Now as a Board member I have to take several thoughts into account and look at things from both sides the first side being safety. While many focus on the possible Covid deaths if schools reopen, I’ve seen few if any focus on the dire consequences of keeping schools closed. Again, below, I give a few examples.

What of youth suicide? How many kids’ changing behavior is noticed by school staff and/or fellow students, signs that will never be seen during remote learning? How many suicides won’t be prevented?

What of abused children? Over 151 referrals were made in the shortened school year to DCF possibly preventing a child from being abused. How many children are now subjected to a 24-hour day with their tormentor?

What of the special education student? Particularly one who may be on the autism spectrum and has gone from a world of their own to being nearly fully integrated into general education and socializing? That child is losing more ground each day and may eventually regress back to the beginning.

These are only some of the things that had to be considered when coming to my decision to allow, in the current circumstances, for parents to keep the right to choose what is best for their children.



  1. Thanks, it seems I lost my new dangled pencil.

    Yes, I will vote for what I deem equal and just. That’s why I was elected, who I was when I began, who I will be when I leave after this term, or should I chose to run again, another term. If the majority of voters don’t like my choices, I will lose my unpaid alL consuming volunteer position but walk away with the same integrity I arrived walked in with.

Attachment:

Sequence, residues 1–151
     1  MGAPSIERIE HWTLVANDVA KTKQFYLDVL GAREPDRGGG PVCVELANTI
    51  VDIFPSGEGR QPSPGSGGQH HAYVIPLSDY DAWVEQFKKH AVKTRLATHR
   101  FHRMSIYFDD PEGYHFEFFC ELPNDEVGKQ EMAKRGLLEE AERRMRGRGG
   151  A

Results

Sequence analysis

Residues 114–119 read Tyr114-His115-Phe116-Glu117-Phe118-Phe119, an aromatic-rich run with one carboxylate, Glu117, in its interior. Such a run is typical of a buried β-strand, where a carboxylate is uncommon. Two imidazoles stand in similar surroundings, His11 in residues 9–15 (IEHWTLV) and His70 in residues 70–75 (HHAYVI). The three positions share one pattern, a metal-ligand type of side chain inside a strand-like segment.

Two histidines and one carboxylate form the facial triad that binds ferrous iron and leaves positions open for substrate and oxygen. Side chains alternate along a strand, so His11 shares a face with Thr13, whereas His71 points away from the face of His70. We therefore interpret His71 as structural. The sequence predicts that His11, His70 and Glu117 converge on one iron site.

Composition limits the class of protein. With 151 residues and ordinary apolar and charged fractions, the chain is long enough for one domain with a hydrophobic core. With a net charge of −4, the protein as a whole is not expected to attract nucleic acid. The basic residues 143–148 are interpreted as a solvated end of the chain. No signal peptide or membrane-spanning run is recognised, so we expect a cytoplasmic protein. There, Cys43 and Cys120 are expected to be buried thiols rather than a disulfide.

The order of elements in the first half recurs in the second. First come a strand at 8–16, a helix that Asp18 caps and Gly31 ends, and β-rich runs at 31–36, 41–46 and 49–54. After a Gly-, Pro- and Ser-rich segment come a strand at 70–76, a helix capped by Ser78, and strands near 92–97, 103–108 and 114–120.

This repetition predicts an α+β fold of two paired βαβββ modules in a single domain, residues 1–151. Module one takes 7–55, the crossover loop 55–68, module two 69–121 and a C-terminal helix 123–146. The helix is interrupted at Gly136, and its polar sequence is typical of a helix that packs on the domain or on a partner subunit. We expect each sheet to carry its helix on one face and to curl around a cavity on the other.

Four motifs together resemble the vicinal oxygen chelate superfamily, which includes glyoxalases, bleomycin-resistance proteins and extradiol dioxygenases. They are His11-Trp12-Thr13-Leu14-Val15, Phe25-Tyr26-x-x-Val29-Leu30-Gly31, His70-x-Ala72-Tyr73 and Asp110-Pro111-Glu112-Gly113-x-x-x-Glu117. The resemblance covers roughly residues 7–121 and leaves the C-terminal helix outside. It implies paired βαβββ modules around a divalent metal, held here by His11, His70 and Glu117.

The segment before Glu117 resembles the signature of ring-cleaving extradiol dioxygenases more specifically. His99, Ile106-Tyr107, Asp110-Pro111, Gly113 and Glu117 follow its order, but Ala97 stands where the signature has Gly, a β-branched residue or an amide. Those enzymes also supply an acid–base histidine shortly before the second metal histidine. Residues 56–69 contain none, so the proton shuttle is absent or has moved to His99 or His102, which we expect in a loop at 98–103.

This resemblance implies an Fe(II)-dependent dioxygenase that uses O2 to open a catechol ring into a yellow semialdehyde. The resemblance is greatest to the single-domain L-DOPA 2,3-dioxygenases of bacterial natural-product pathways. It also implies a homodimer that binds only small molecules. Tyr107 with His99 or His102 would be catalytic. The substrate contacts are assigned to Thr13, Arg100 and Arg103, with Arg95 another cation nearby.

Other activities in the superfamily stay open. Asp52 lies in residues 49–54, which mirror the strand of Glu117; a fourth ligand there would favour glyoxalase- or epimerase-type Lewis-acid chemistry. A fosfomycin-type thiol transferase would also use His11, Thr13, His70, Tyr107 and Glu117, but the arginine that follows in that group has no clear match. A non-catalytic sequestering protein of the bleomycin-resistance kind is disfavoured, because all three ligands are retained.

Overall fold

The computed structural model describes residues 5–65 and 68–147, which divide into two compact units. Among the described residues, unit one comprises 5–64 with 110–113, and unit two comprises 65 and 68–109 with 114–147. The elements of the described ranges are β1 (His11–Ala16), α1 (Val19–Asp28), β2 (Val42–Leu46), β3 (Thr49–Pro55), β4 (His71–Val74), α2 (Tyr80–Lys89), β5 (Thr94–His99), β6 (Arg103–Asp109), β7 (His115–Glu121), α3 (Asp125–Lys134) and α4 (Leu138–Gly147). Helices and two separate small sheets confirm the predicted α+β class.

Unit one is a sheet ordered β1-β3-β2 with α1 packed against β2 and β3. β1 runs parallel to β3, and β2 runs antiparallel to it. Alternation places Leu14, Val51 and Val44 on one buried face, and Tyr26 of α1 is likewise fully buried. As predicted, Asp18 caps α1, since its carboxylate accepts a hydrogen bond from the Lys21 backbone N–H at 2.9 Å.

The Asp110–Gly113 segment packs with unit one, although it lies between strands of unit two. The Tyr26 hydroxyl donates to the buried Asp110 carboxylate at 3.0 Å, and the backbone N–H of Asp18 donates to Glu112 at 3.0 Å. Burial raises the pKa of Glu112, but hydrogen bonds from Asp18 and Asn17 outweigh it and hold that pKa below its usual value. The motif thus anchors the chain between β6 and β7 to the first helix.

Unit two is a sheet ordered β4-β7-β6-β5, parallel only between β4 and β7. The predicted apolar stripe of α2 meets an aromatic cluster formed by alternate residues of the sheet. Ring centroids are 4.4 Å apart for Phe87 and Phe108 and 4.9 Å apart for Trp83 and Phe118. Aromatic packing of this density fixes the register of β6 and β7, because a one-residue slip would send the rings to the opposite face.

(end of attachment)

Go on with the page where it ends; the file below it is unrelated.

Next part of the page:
No to vouchers! That’s a whole other aspect that some are pushing along with other public school killing suggestions. Not one of these examples will better the lives of our most impoverished, and vulnerable student populations. Some of the ideas I’ve heard.

    Community based learning centers/. Places for small numbers of children 10-12 students to get together and receive assistance distance learning. To be lead by a teacher. Sure sounds like a school you see the reopening plan to me.

    Learning pods. This new (to me anyway) high cost program costs $125,000, to be split, for up 9 students to be instructed by a certified educator.

    Private schools and tutors

    Charter schools

    Home school assistance firms

    Each of the above should not consume $1 of public funds for a parent choice because it will draw needed funds for our public’s schools and are mandated by law and morality to educate our:

    English Language Learners
    Special education
    Undocumented immigrants
    Students in need of other types of remediation

    The above mentioned entities do a great job of creaming (drawing the least costly to educate) and counseling out those they do not desire to educate.

    Public education is under attack like never before form the for profit reformers and those left behind either student and staff will suffer the most.

  2. Comrade, your list just seems like an alternative to public schools education., Charter and Private. While some with just smaller class size then the 30 students in one class in public schools. At the end of the day isn’t it about getting the best education for the students regardless what school that attend? I will agree on homeschooling I think it a joke in most cases. Home schooling is only effective if the parents are educators and highly involved.

    P.S, Comrade, so much for parents choice for what’s best for their kids and equal and just. I guess. 🙂

    “I will vote for what I deem equal and just. That’s why I was elected, who I was when I began, who I will be when I leave after this term, or should I chose to run again, another term.”

    That’s rich. You started as a Republican 🙂 Are you switching parties again or running as a R 🙂